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Intrinsic and Extrinsic Motivation.ppt

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					Intrinsic and Extrinsic Motivation

          Robert Östling
                    Outline
•   Experimental results
•   Theoretical considerations
•   Bénabou & Tirole (2003, RES)
•   Bénabou & Tirole (2006, AER)
•   Ellingsen & Johannesson (2006)
•   Herold (2005)
    Frey and Oberholzer-Gee (1997, AER)

•   Question: Tests reaction to monetary compensation for the
    acceptance of a nuclear waste repository in their community.
•   Setting: Hypothetical referendum voting question was posed to
    subjects about if they were willing to permit the construction of a
    nuclear waste repository in their community. The same question was
    then repeated with a specific monetary compensation for accepting the
    nuclear waste repository (varied between $2175, $4,350 and $6,525
    per individual and year in three sub-samples). Everyone who rejected
    the compensation then received another question with a higher
    compensation ($3,263, $6,525, or $8,700).
•   Subjects: 305 interviews of randomly selected subjects in two
    communities in Switzerland (potential sites for a nuclear waste
    repository).
•   Results: Fraction of acceptance without monetary compensation:
    50.8%. Fraction of acceptance with monetary compensation: 24.6%
    (the amount of compensation had no significant effect on the
    acceptance probability).
    Gneezy & Rustichini (2000, QJE)
•   Setting: Subjects were asked to answer a quiz consisting of 50 problems taken out of a
    psychometric test used to scan university applicants (questions involving reasoning and
    computation).
•   Treatments: 0 NIS (except show-up), 0.10 NIS, 1 NIS or 3 NIS per correct answer
•   Subjects: 160 subjects
    Gneezy & Rustichini (2000, QJE)
•   Setting: High-school students collected donations from the public to some charity (done in
    Israel a few days a year). Students divided into pairs of students who collect money
    together as a team.
•   Treatments: Baseline (speech), baseline + 1% of collected money, baseline + 10% of
    collected money.
•   Subjects: 180 Israeli high-school students.
    Gneezy & Rustichini (2000, JLS)
•   Setting: A study of day-care centers in Israel. The day care centers operates between 7.30 and 16.00.
    Before the study there was no fine if parents came late to pick up their children.
•   Treatments: Control (only record late parents) and treatment (recorded first 4 weeks, then a fine of 10
    NIS for late pick-up, removed fine in 17th week).
•   Subjects: The study was carried out on 10 day-care centers in Israel (center 1-6 in the test group and
    center 7-10 in the control group). Between 28 and 37 children in each day care center.
         Fehr & Rockenbach (2003,
                  Nature)
•   Setting: A trust game is played anonymously between two individuals (both endowed with
    10 MU). The amount sent is tripled. Investors always state desired back-transfer.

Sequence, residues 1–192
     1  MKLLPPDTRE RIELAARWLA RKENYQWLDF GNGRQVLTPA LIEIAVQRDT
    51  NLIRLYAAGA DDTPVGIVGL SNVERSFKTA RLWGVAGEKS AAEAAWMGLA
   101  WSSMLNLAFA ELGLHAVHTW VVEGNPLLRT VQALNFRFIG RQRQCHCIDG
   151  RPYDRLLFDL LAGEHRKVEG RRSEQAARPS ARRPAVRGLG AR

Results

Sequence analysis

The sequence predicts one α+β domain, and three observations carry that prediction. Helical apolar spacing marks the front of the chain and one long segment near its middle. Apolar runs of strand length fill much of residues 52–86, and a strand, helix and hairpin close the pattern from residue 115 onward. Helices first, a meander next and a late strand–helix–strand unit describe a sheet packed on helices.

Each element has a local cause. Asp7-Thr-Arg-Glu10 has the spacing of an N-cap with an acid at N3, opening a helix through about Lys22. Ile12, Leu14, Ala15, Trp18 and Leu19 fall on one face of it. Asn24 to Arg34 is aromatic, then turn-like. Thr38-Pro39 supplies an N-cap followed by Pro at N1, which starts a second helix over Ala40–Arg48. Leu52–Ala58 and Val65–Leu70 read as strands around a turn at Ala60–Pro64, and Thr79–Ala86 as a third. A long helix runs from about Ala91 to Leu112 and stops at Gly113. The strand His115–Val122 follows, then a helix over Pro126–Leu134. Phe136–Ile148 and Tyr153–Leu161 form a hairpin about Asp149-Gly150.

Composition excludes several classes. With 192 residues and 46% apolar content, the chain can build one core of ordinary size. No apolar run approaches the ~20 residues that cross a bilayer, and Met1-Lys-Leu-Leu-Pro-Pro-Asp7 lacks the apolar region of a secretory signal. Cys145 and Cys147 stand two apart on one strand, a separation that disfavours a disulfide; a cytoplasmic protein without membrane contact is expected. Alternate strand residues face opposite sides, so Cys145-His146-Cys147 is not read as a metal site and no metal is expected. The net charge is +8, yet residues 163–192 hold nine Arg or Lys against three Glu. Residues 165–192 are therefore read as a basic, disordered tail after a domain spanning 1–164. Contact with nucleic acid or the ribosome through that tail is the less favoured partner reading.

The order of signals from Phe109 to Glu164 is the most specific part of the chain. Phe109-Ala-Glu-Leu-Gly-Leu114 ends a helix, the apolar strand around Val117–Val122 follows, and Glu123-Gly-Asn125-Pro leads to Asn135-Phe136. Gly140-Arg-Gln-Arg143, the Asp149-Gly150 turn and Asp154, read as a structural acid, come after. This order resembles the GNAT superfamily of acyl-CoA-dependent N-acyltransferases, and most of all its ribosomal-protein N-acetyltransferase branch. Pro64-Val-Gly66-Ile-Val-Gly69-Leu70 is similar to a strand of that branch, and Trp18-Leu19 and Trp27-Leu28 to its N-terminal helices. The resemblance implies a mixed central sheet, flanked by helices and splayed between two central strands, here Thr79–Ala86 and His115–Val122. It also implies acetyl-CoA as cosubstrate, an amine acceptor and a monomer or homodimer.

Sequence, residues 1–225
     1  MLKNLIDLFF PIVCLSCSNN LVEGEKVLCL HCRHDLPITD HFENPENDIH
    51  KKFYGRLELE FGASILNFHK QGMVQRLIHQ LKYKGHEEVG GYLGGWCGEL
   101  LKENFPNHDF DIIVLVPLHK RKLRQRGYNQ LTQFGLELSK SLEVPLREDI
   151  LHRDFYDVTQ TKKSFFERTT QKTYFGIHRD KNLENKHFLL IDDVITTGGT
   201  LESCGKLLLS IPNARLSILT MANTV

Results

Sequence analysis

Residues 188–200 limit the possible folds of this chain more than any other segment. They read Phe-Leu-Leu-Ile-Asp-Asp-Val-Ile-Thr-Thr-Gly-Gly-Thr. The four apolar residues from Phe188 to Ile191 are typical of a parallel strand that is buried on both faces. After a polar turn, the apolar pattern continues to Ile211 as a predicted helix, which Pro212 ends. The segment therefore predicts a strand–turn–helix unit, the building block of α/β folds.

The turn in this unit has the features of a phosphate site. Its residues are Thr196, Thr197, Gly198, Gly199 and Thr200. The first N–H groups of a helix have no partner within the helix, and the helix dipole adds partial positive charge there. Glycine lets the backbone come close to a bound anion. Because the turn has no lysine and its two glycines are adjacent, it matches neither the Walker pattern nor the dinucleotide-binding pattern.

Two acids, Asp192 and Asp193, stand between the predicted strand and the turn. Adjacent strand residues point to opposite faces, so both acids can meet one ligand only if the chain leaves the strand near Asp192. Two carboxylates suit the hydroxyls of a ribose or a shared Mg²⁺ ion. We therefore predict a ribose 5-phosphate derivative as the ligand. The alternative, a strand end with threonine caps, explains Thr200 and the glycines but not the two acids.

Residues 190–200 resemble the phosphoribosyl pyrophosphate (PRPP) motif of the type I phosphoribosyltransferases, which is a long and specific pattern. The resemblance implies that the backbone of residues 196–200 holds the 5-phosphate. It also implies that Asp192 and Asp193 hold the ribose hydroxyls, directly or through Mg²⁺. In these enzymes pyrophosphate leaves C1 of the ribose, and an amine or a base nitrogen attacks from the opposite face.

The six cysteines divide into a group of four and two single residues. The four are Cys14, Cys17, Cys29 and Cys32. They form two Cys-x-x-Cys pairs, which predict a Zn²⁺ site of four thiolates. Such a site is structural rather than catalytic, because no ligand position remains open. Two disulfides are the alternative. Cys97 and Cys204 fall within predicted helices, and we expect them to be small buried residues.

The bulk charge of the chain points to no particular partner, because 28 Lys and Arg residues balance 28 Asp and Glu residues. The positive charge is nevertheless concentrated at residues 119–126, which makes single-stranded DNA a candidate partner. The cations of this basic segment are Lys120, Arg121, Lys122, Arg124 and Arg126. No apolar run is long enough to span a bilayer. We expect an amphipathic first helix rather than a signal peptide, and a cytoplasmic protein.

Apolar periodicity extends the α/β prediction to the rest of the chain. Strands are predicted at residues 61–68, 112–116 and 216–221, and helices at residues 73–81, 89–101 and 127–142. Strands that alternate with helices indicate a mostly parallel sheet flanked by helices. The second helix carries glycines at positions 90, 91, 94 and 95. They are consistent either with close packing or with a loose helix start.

•   Treatments: Trust condition (no fine possible) and incentive condition (4 MU fine if less
    than stated back-transfer).
•   Subjects: 138 subjects.
    Mellström & Johannesson (2005)
•   Setting: Subjects are given the opportunity to become blood donors (complete a health examination
    consisting of a health declaration and a physical examination at a blood donation center). Subjects are
    offered different incentive schemes to become a blood donor depending on the experimental treatment.
•   Treatments: No compensation, 50 SEK compensation, a choice between SEK 50 or donating SEK 50 to
    charity.
•   Subjects: 262 subjects.
     Falk & Kosfeld (2006, AER)
•   Setting: Principal has zero endowment, agent has 120 MU endowment. Agent choose how much to
    transfer to principal knowing that the transer is doubled. The principal has choice whether to restrict the
    agents choice set or not. Used strategy method.
•   Treatments: C5: Principal can impose restriction of at lest 5 MU transfer or choose not to do so. C10:
    Same but 10 MU as minimum. C20: Same but 20 MU as minimum.
•   Subjects: 418 subjects.
     Theoretical considerations
• Extrinsic and intrinsic motivation (e.g. Frey and
  Oberholzer-Gee 1997): Individuals have an intrinsic value of
  performing some activities (e.g. helping others, civic duty) and
  external monetary compensation reduce the intrinsic value.
• Incomplete contracts (e.g. Gneezy and Rustichini 2000): The
  introduction of a monetary payment changes the perception of
  the incomplete contract (the introduction of a fine for coming
  late changes the perception of the consequences of frequent
  delays).
• Reciprocity (e.g. Fehr & Rockenbach 2003): The introduction
  of a fine is viewed as an hostile/unfair act, and is therefore
  punished by reduced generosity.
• Signaling: The decision to introduce a fine or incentive signals
  some private information on part of the principal. Can
  incorporate all of the above explanations.
          ?                                                                     ?
                                            b


                                            e


B&T ’03   Private information about A (or   Imperfect self-knowledge (from private signal): ”I’m not
          task).                            trusted, so probably I am not trustworthy and won’t
                                            work so hard.”
B&T ’06   No private information.           Private information about own prosociality and greed
                                            with reputational concerns: ”The principal trusted me so
                                            now I can really show off that I am trustworthy rather
                                            than greedy.”
E&J ’06   Private information about own     Private information about own characteristics and
          expectations about A (resulting   esteem concerns: ”The principal is not trusting so I
          from private information about    don’t need to work so hard to live up to expectations.”
          own characteristics).
H ’05     Private signal about A’s type.    Private information about own characteristics
                                            (trustworthy/untrustworthy) and uncontractible part of
                                            relationship: ”He didn’t trust me, so there is no point in
                                            doing something extra outside our contract.”
Bénabou & Tirole (2003, RES)
• A choose e=0 or e=1 at a cost c. Task succeeds with
  probability θ if undertaken.